This issue regularly pops up now and then with Lebanon’s neighbors believing that the solution to the country’s problems involves handing it over to Israel or Syria. Take for instance the editorial by Turki Al-Sudairi, the editor-in-chief of the Saudi newspaper, Al-Riyadh:
“We [therefore] say, ‘Why shouldn’t Lebanon return to Syria?,’ because Syria has a strong regime that is capable of dissolving the plurality of governments within Lebanon. As a matter of fact, Syria will not be the primary beneficiary of this difficult solution. Rather, it is Lebanon who will be the primary beneficiary, and also many Arab investors… and tourists…”It was the Sykes-Picot agreement that separated Lebanon from Syria, [so] why shouldn’t it be returned to Syria based on its Arab identity?”
Though he does acknowledge that this is a difficult notion and is akin to proposing that Saudi Arabia, Kuwait, Bahrain, Qatar, the UAE and Oman become one country. Apparently, our problems would be solved if we lived under the authoritarian rule of Damascus.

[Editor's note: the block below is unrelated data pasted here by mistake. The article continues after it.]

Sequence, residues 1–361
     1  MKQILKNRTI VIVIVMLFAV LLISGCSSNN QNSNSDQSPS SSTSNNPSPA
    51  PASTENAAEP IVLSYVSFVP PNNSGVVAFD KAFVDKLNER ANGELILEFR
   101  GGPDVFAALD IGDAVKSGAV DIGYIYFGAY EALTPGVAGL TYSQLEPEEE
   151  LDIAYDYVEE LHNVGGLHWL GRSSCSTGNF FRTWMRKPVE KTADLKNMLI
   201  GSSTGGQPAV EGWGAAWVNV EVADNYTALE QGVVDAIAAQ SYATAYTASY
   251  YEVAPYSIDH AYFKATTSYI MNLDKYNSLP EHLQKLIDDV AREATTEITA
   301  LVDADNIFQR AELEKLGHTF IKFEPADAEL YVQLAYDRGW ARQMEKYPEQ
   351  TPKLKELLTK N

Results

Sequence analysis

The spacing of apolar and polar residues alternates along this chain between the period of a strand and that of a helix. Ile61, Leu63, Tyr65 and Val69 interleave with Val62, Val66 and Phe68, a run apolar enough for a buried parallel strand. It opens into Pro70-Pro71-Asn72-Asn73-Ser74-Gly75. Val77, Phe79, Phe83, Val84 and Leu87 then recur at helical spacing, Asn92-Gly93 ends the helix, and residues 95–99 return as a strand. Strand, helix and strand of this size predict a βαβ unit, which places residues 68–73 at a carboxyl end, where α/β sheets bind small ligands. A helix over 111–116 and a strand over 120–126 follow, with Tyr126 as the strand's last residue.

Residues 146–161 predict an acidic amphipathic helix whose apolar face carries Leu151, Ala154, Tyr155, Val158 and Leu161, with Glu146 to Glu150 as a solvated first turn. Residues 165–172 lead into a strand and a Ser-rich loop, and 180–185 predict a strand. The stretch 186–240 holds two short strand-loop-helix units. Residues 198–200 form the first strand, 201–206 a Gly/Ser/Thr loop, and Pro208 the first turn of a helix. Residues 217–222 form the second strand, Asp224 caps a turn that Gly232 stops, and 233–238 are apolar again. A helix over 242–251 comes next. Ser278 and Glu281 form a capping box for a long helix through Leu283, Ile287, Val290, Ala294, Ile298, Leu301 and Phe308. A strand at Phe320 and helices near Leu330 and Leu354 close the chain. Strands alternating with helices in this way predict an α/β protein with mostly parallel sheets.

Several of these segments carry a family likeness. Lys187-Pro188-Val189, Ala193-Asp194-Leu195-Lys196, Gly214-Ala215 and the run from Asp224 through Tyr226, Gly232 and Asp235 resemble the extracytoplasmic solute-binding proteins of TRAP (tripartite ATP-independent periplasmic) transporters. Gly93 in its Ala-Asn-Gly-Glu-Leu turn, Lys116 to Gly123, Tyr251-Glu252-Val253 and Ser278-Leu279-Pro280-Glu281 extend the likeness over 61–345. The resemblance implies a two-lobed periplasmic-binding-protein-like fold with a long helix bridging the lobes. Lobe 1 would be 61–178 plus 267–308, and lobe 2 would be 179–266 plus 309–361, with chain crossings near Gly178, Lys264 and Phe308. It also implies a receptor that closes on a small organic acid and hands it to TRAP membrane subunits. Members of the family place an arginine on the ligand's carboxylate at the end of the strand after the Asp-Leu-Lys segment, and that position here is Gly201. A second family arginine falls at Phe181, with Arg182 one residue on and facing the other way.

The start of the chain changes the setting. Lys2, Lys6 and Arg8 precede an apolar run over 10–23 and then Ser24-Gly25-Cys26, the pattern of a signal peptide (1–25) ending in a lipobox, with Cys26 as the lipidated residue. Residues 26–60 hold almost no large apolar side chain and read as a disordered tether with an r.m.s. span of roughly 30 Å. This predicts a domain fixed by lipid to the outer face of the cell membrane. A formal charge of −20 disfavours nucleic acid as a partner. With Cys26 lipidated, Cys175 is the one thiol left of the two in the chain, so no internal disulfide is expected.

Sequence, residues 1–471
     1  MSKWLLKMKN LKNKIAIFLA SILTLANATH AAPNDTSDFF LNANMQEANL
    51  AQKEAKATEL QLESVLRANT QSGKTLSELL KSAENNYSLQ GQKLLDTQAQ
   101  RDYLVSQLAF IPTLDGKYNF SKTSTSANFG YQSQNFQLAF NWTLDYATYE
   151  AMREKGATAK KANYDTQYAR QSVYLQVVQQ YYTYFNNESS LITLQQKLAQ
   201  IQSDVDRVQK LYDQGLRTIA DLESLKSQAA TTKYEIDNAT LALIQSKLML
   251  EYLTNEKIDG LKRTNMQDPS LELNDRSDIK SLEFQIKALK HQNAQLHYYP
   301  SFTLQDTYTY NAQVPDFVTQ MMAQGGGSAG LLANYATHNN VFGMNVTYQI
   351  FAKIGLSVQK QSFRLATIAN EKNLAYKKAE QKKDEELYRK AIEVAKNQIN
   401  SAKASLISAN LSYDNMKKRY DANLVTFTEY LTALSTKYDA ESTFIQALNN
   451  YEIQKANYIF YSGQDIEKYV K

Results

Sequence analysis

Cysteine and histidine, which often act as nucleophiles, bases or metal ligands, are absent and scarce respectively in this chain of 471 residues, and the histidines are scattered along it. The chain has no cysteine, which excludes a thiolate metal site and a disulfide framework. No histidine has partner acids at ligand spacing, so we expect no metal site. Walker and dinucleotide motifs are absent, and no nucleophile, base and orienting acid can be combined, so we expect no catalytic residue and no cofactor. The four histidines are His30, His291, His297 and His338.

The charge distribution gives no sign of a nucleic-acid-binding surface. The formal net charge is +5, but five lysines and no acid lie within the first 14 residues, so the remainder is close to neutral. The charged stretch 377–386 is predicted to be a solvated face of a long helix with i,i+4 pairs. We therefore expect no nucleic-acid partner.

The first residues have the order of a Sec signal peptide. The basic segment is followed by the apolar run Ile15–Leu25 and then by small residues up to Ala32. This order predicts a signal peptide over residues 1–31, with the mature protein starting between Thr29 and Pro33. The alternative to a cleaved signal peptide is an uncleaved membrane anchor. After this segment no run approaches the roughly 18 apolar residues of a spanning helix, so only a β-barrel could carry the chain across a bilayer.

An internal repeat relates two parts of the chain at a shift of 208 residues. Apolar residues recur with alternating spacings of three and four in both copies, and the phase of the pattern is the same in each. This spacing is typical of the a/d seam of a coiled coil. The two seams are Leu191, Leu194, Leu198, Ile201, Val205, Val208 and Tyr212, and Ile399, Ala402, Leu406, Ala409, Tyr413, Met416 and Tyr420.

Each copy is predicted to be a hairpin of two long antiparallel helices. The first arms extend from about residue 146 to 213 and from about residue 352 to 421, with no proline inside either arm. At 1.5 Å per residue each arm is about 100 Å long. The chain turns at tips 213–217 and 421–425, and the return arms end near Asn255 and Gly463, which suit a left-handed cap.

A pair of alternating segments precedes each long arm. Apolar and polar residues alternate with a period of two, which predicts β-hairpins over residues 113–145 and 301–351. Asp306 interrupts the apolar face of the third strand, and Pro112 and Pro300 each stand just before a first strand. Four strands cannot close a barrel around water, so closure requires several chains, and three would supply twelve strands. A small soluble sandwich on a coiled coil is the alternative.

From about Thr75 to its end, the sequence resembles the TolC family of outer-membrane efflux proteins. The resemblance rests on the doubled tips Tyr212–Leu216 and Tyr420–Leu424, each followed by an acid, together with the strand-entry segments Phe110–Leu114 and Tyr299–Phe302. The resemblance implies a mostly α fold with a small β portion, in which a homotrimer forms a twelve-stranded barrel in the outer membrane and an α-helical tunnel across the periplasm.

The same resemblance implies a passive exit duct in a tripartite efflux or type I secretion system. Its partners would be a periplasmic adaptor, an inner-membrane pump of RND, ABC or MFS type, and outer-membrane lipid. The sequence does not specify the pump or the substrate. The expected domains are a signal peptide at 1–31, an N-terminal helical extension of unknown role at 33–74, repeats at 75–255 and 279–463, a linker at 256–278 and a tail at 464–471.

Some Israelis would actually back that idea, sort of:
The State of Lebanon has failed…but the West refuses to permit the only solution: partitioning Lebanon between Israel and Syria, with a Christian enclave in between.
Though I would be curious to know which part Israel would take: the Hezbollah-loyal South or Al Qaeda-inspired North?
But then there’s the infamous “New Map of the Middle East” which reportedly has been circulating the corridors of NATO since 2006, where Lebanon actually grows in size and takes a portion of Syrian territory along the Mediterranean coast, and is renamed Greater Lebanon.
In the end, one things seems certain: Lebanon will either grow, shrink, disappear or remain the same.